Exploring theories, potential opportunities of gene-matched cosmetics

May 1, 2012

A new marketing concept is to design boutique cosmetics that complement the genes of the consumer. The idea builds on the current genomic approach to cosmeceutical research where gene expression is being used to study the effect of ingredients on the skin.

Key Points

Q Is it possible to design a cosmetic to match a patient's genes?

Problems arise when extrapolation is made from one individual gene in one cell turning on at a molecular level and the appearance of the skin. The behavior of many, many, many cells must be influenced for the skin to undergo a change observable by the cosmetic user. It actually is unknown how single genetic changes translate into appearance changes.

A buccal mucosal swab may also be submitted supposedly with the consumer's DNA, but how this is processed and analyzed is subject to controversy. There have been some Federal Trade Commission inquiries into this process.

Sequencing the genome of an individual is expensive, and specific markers for certain skin conditions are still beyond the reach of current technology. Designing cosmetics to meet specific genetic needs may still be more marketing hype than practical reality.

Q How effective are the new at-home blue light devices for treating acne?

a: Several devices have been introduced into the at-home market for treating acne. Some of the devices simply use resistive heating to warm the acne lesion. While corporate studies show a reduction in acne lesion healing time by two days, it is hard to do a controlled study of acne lesions because they heal without intervention.

These heating devices claim to speed acne lesion healing, but they are not preventative. This is in contrast to the blue light devices that do not claim to speed acne lesion healing, but prevent the development of new acne lesions. Blue light energizes the porphyrins in Propionibacterium acnes (P. acnes) organisms and kills the bacteria that may be responsible for acne, however, newer theories of acne etiology indicate that the P. acnes may be a bystander and not an initiator of acne. This may explain why blue light does not cure acne.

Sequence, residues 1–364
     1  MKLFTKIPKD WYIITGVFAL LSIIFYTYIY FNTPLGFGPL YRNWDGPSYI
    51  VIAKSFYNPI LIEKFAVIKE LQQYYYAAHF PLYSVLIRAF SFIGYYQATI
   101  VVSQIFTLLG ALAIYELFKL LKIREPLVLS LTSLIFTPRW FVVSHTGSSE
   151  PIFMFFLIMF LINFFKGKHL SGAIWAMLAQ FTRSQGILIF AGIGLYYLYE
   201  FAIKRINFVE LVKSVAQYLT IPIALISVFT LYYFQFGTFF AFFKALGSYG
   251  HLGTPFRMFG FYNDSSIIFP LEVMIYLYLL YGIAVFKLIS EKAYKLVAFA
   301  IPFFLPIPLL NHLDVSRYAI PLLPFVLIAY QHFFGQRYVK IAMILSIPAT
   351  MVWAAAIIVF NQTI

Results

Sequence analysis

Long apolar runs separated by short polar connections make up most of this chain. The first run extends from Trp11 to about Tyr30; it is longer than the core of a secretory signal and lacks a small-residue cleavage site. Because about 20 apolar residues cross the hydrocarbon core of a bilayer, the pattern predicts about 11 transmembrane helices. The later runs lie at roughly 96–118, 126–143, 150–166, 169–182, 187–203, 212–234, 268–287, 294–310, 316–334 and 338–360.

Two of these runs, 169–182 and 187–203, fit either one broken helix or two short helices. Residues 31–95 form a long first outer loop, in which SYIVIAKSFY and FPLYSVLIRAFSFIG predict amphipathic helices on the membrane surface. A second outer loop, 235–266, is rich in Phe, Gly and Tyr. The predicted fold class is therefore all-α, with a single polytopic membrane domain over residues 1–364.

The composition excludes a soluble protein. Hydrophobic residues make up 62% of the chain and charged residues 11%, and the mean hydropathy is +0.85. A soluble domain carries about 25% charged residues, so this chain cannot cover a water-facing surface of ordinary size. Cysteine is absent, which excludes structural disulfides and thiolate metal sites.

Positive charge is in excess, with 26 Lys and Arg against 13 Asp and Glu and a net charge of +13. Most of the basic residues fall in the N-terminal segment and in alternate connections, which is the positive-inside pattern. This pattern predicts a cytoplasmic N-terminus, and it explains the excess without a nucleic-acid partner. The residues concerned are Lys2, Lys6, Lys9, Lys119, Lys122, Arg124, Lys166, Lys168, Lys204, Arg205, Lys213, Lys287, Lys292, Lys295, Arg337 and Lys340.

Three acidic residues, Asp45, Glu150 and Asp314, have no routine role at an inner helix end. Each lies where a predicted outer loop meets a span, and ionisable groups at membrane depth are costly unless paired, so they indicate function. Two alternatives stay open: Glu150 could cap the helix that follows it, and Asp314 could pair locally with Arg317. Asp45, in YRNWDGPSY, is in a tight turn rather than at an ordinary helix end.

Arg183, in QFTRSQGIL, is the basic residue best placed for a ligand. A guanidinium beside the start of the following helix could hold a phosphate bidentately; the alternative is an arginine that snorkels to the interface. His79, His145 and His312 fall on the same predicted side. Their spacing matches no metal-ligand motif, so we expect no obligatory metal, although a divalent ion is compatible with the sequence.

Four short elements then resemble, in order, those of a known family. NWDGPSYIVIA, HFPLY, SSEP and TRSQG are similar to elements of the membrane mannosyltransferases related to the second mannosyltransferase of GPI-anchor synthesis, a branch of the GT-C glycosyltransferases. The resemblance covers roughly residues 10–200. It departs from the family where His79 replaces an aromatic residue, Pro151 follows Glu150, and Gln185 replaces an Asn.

It has been demonstrated that blue light can improve acne, but the home use devices have some challenges. The devices are to be used with goggles similar to those used in tanning booths, which provide limited vision. The device must be stroked over the face for prevention and held over the individual acne lesions for treatment. It is estimated that this procedure takes 30 minutes for each side of the face, making total treatment time around one hour. Of course, this may vary depending on the number of acne lesions, the size of the face, the severity of acne, the size of the blue light aperature, and fluence of the light device.

Most device studies have demonstrated results similar to topical benzoyl peroxide. Home blue light devices are a newcomer to the over-the-counter acne treatment market, and further data accompanied by design improvements may be forthcoming.

Zoe Diana Draelos, M.D., is a Dermatology Times editorial adviser and consulting professor of dermatology, Duke University School of Medicine, Durham, N.C. Questions may be submitted via email to zdraelos@northstate.net
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